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I am upset

I am upset

Old 08-12-2017, 05:23 AM
  #11  
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Having another machine as a backup can really be a plus. Hope all works out for you.
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Old 08-12-2017, 05:39 AM
  #12  
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When there is a great bargain on a machine get it. You don't have to need one right then to buy one. My friend has one machine and it messed up while she was doing a deadline baby quilt. She fretted and worried enough until she borrowed a machine to finish. I asked her was it worth all that angst to not have a second machine? She said well I didn't think I needed two. I said three working machines is minimum.
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Old 08-12-2017, 06:53 AM
  #13  
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My dealer offers loaner machines to use while mine is in for yearly check-up. You might ask the person fixing it if they offer the same.
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Old 08-12-2017, 06:59 AM
  #14  
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You can find old singers in great condition at estate sales and even garage sales. I have several that I paid only $50 or $25 for... in cabinets! It's so worth it to have them ready as a standby machine when your main machine has to go in the shop. They make lovely stitches, too.
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Old 08-12-2017, 07:07 AM
  #15  
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Originally Posted by Onebyone View Post
I But a machine once repaired seems to go down hill from what it once was.
Wow, I hope not. I've had machines repaired over the years and once the problem was repaired correctly, I didn't have another problem for many years.

I totally agree with SewBizGirl. When my Bernina goes into the shop, it can be there for a week or so. I just do my piecing on one of my old Singers. They dont' have all the fancy stitches the Bernina does but they keep my sewing right along. In fact, since I've been using them, they are now my favorites to piece on.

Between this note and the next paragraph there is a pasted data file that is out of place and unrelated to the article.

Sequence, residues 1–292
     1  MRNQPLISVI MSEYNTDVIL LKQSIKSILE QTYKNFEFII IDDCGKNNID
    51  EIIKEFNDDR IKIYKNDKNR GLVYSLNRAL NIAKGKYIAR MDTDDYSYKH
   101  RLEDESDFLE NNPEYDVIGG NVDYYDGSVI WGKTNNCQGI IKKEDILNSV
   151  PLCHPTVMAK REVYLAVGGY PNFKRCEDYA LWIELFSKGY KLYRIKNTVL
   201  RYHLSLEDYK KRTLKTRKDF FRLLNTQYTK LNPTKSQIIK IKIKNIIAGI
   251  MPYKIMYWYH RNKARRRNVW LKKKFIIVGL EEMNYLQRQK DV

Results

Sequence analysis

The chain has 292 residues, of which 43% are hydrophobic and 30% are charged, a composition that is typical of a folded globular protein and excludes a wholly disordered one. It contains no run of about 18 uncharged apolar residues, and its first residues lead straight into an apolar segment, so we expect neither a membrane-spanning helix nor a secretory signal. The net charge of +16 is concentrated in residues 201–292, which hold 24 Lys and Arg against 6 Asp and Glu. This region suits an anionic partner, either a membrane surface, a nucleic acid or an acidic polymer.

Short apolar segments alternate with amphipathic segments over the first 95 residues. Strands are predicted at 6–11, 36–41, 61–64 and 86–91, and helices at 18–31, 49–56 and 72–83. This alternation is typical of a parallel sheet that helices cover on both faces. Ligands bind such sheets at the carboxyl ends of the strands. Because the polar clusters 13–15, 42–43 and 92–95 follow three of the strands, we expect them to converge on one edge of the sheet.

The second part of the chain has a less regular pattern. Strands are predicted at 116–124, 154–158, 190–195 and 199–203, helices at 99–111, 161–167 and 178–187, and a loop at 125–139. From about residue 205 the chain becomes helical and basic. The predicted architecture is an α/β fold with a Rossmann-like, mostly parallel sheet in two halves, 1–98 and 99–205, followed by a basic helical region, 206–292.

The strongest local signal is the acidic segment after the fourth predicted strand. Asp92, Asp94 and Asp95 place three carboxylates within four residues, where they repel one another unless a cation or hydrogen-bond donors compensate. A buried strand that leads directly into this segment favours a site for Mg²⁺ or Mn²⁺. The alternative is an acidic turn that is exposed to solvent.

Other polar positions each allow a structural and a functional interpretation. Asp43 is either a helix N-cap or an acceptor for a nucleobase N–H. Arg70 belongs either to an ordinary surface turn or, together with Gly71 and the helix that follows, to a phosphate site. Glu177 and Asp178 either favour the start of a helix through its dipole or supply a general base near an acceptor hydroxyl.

Last edited by cashs_mom; 08-12-2017 at 07:12 AM.
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Old 08-13-2017, 02:12 AM
  #16  
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My heart goes out to you. I'm trying to learn how to repair machines. It is a nightmare. I think I am going to stick to old Singers, and just clean and oil them. You can take the covers off a machine and have 5 different types of screws. My instructor said to take a picture of each screw and each place where it goes.

Marcia
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Old 08-13-2017, 02:46 AM
  #17  
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Thanks for the commiserations.
I do have a small backup machine but I was doing a lot of actual quilting. I have tops that have been UFOs for a while and I was finishing them up before starting new projects. For actual quilting, the small machine is not great. I have quilted big quilts on it but wasn't satisfied with the end result. It was the main reason I got the 1500. It makes it so much easier to finish those tops.
I will be taking the machine in tomorrow and hopefully it will be a quick fix.
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Old 08-13-2017, 05:16 AM
  #18  
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I have 3 back up machines. The wait time for service at my Pfaff,Brother & Viking dealer is 6-8 weeks. The last time my Pfaff went to the hospital, I was in the middle of quilting a baby quilt. I finished it with my 25 yr. old Bernina 1031, if it had the 10" throat that my Pfaff has, I wouldn't even bother with the Pfaff.
Sharon in Texas
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Old 08-13-2017, 05:29 AM
  #19  
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Originally Posted by Onebyone View Post
I just had my 1500 in the shop and it was about three weeks getting it back. It locked, wouldn't turn at all. The repair guy said it was the hook, he replaced it. I guess in the bobbin area. Then when he got it all back together and sewing the thread cutter stopped working. He had to fix that then the new spring on the reverse lever he put on popped off. He had to take it back apart to get to that. My total bill was $229. But the machine seems to sew fine. I am leery about the stitches looking a little off but I can't say for sure, probably not. But a machine once repaired seems to go down hill from what it once was.
After reading this post, I'm wondering if there is a problem with the parts that are being distributed to repair shops. My advice, if you decide to take it back, is to have them sew with your machine after it is repaired to be sure that it will work after it's second repair.
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Old 08-13-2017, 06:07 AM
  #20  
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Originally Posted by littlebitoheaven View Post
After reading this post, I'm wondering if there is a problem with the parts that are being distributed to repair shops. My advice, if you decide to take it back, is to have them sew with your machine after it is repaired to be sure that it will work after it's second repair.
Good advice. I will do that.
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